In The Giant Hero in Medieval Literature Tina Boyer counters the monstrous status of giants by arguing that they are more broadly legible than traditionally believed. Building on an initial analysis of St. Augustine’s City of God, Bernard of Clairvaux’s deliberations on monsters and marvels, and readings in Tomasin von Zerclaere’s Welsche Gast provide insights into the spectrum of antagonistic and heroic roles that giants play in the courtly realm. This approach places the figure of the giant within the cultural and religious confines of the twelfth and thirteenth centuries and allows an in-depth analysis of epics and romances through political, social, religious, and gender identities tied to the figure of the giant. Sources range from German to French, English, and Iberian works.
Tina Marie Boyer, Ph.D. (2010), is Assistant Professor of German Medieval Literature and Second Language Acquisition at Wake Forest University. She has published articles on monstrous entities in medieval literature, medievalism, and pop-culture.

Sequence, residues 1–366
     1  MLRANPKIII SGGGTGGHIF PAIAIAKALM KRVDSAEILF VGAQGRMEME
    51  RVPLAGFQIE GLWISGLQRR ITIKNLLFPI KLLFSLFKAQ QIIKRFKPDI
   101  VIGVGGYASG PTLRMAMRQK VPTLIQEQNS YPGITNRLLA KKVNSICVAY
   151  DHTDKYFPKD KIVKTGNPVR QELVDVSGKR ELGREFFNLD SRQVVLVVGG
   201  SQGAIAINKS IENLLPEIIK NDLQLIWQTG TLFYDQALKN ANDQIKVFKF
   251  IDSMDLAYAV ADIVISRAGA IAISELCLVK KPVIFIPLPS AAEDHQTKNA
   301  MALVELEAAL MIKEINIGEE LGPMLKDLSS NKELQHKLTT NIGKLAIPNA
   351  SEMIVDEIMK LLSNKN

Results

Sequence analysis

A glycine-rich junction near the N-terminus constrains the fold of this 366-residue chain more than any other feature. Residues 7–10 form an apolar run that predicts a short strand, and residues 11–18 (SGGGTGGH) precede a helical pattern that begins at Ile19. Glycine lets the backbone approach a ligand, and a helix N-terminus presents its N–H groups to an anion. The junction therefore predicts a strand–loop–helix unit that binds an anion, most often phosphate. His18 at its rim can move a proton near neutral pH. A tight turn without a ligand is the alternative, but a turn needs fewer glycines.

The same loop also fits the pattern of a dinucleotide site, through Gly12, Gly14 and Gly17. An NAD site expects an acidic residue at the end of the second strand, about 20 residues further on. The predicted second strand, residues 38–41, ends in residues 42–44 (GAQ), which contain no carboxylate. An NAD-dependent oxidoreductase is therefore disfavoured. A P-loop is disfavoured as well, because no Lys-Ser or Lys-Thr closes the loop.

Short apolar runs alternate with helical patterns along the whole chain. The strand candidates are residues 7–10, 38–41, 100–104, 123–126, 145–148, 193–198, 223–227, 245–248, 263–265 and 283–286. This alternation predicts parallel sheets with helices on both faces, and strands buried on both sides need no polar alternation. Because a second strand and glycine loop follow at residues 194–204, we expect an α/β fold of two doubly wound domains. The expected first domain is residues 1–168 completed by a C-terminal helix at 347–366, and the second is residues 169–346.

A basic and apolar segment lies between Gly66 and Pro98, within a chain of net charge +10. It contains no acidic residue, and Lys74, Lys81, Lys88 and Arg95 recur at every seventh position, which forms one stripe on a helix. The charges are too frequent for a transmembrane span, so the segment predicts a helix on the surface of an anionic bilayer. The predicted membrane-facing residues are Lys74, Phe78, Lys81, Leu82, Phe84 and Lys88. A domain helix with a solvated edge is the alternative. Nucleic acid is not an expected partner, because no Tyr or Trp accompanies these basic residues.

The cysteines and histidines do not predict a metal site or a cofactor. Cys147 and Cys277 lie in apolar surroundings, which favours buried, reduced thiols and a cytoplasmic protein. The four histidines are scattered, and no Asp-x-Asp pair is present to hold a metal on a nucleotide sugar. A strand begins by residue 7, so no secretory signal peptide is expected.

List of Figures viii
1 The Giant in the Medieval Mind 26
St. Augustine and the Monstrous Races 29
Biblical Giants 33
Theological Conceptions 36
Secular and Courtly Conceptions 39
2 The Monster from the Outside 51
The Giantesses of the Eckenlied 66
Grauer Rock (Orendel) 75
3 Misplaced Loyalties and Evil Minions 101
Daniel von dem blühenden Tal 102
Laurin and Walberan 125
4 A Fighter for Court and Hero 131
König Rother 132
Boeve de Haumtome 148
5 Of Monstrous Courts and Heroes 161
Herzog Ernst 162
6 The Questing Giant 187
Questions of Monstrous Identity in Romances and Epics 222
Our Medieval Inheritance 227
All interested in gender studies, monstrosity, and violence and combat. This book also provides access to untranslated German sources for an Anglophone audience.